Tips for maximizing glyphosate activity
Editor’s note: This article is from the archives of the MSU Crop Advisory Team Alerts. Check the label of any pesticide referenced to ensure your use is included.
Postemergence herbicide applications for weed control in early planted crops are quickly approaching. There are several things that should be considered to maximize weed control with glyphosate from these applications. Following these guidelines can help reduce the risk of glyphosate failures, as well as reduce the chances of lower yields due to weed competition.
There are over 30 different glyphosate products that growers in Michigan
can choose from for weed control in glyphosate-resistant (Roundup
Ready) crops. With all of these choices, it is important to keep in mind
that not all glyphosate formulations are created equal. Knowing your
glyphosate product is essential to achieving optimum weed control. There
are two main differences in the many available glyphosate products.
Glyphosate products can differ in the concentration of glyphosate acid
in the formulation (glyphosate acid is what kills the weed). This
concentration is expressed as pounds acid equivalent per gallon (lb
a.e./gal). Different glyphosate concentrations will change the amount of
product used for the various formulations. Table 10 in the MSU Weed Control Guide for Field Crops
(E-434) is a compiled list of several glyphosate products, and the
product use rates for equivalent amounts of glyphosate acid per acre.
Another difference in glyphosate products is whether a surfactant needs to be added to the spray solution or if the formulated glyphosate product has a built-in adjuvant package. Products like Roundup PowerMax, Touchdown Total, and several others have built-in adjuvant systems. Even though all of these products have a built-in adjuvant system, there can be, and many times are differences in the type of surfactant formulated in the product. These differences may equate to differences in weed control under extreme conditions. However, under most conditions there are no differences between these products, especially when they are used at the correct rates, at the appropriate application timings. For products where the addition of a surfactant is recommended, add a high quality non-ionic surfactant at 0.25 to 1.0 percent v/v. Table 10 also includes information on whether the addition of a surfactant is recommended for a particular glyphosate product.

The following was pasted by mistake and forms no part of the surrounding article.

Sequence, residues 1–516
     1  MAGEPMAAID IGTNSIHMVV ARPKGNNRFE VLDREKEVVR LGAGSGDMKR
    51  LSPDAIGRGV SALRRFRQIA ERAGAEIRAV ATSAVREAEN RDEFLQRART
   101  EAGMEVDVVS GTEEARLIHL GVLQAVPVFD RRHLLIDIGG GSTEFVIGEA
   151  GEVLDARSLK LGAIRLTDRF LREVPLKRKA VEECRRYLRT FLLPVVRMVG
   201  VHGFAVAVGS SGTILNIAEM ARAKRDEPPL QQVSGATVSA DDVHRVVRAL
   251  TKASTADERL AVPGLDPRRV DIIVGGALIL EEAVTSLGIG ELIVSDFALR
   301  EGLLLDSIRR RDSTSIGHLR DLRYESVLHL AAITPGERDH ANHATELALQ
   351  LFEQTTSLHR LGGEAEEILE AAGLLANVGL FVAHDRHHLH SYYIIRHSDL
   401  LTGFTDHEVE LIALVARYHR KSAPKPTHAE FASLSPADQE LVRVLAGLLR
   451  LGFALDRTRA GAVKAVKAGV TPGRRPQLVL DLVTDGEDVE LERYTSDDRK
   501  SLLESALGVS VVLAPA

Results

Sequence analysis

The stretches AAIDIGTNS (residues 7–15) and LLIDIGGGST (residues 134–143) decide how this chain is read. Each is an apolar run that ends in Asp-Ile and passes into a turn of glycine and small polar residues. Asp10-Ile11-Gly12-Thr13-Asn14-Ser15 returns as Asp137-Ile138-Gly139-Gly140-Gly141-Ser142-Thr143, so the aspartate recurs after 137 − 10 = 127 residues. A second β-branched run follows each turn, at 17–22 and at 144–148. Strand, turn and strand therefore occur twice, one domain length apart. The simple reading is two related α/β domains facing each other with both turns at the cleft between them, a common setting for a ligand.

Addition of ammonium sulfate (AMS)
Ammonium sulfate (AMS) should always be added to all glyphosate products. We recommend adding dry spray grade AMS at 17 lbs/100 gal. or the equivalent of 17 lbs/100 gal. of liquid AMS products. The addition of AMS minimizes the negative effect of hard water on glyphosate activity and is important for velvetleaf control, regardless of water quality.
Applying the appropriate glyphosate rate in glyphosate-resistant crops is important for consistent weed control. Proper glyphosate rates should be based on weed type, weed size and spray volume. In most cases, the appropriate rate to use for weed control in glyphosate-resistant crops is 0.75 lbs a.e./A of glyphosate. This rate will effectively control several annual weed species between two to eight inches tall. However, if weeds become larger or if harder to control species such as common lambsquarters or giant ragweed are present, increase the glyphosate rate to 1.13 lbs a.e./A to adequately control these weed species. The appropriate rate of individual formulated glyphosate products to match the equivalent rates of pounds of acid equivalent can be found in Table 10 of the MSU Weed Control Guide for Field Crops or on the herbicide label. In addition, by matching the appropriate glyphosate rate to the correct weed size, you reduce your chances of weed control failures under extreme conditions.
Glyphosate application timing is everything. It is important to make timely glyphosate applications to minimize the chances of yield loss due to early-season weed competition and to maximize weed control. The optimum time for glyphosate applications in corn is before weeds are four inches tall, and when weeds are four inches tall in narrow-row (7.5 and 15 inches) soybeans and six inches tall in wide-row (30 inches) soybeans. Controlling weeds at these times reduces the chances for yield loss, as well as reduces the risk of weed control failures of larger weed that may be under stressful conditions (drought, stem-boring insects, coverage issue, etc.).
Windy conditions in the narrow application windows that we see this time of year make the use of drift reducing nozzles and/or drift reducing agents almost a necessity to reduce or prevent off-site particle drift. When using these technologies, it is important to know their limitations. Using these technologies without the proper spray pressure and spray volumes can lead to reduced weed control with glyphosate. To maintain effectiveness with these technologies, make sure to follow manufacturer’s recommendations on pressure and volume, apply the appropriate glyphosate rate for the target species, and always check for a uniform spray pattern. Combinations of some of these technologies can reduce spray coverage that may result in reduced weed control. Following these guidelines, particularly checking the spray pattern, can help determine if the weeds are receiving an adequate dose of the herbicide for weed control.
Following these guidelines will help maximize glyphosate performance and reduce the risk of soybean yield loss due to weeds in the 2010 season.
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